# Holes in a 2-D surface and holes in 3-D space

Cody Richeson
I was watching a panel discussion on YouTube in which Neil DeGrasse Tyson made a very interesting remark about black holes. He said that we traditionally think of holes as indentations in a 2-D surface, such as a hole dug into the ground, and that it didn't make sense to imagine a hole floating in the room he was in, attached to nothing. But why don't we imagine just that: A hole, about the size of a beach ball, floating in the middle of a room. Would you just see a fuzzy black disk that appears the same from all angles, or would it be a fuzzy black sphere? Would you see bizarre geometric warping around its event horizon? If it was sufficiently small and you inserted say, a long stick into it, would you simply see nothing where the stick would be expected to poke through?

Muphrid
There would be some warping involved, so that if your line of sight would graze the edge of the horizon, you would see something that's actually behind the hole (stretched out and distorted, but still behind).

The hole itself would be black.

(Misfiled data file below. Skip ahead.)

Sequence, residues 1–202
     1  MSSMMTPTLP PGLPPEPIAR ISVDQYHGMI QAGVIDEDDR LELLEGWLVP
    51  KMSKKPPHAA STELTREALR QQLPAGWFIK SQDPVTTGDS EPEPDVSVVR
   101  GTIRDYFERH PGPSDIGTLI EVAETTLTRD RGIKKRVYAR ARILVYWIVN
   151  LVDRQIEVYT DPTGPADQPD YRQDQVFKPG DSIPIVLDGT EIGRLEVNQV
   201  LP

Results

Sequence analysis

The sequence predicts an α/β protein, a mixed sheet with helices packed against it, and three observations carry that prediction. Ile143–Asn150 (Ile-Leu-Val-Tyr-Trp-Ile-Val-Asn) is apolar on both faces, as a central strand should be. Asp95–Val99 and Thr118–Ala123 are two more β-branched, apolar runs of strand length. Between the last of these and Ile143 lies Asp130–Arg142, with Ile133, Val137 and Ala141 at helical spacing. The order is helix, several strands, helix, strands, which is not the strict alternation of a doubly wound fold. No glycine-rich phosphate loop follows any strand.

If in inserted a rod into it, not only would the rod not come back out the other side, but as soon as you started to retract it, you'd find that the rod had been eaten away or chopped off as far as you stuck it in.

Edit: the thing is, even a hole that is only 1 meter in radius would have a mass of over 100 Earths.

Last edited:
Cody Richeson
How deep would it be if it were only the size of a beach ball?

Muphrid
Deep? I don't know what you mean. Massive, maybe?

Mass of a black hole is linear with respect to radius (or vice versa). So even a hole half or a third of a meter in radius would be many, many times more massive than planet Earth.

Cody Richeson
I know the bowling ball analogy isn't completely reliable, but the well that is formed by a black hole using that type of visualization is very "deep," that is, the vertical length of the well (when thinking of space as a flat, flexible sheet) is much longer than the radius of the black hole itself. So what I'm basically asking is whether or not the depth of the black hole is greater than its radius.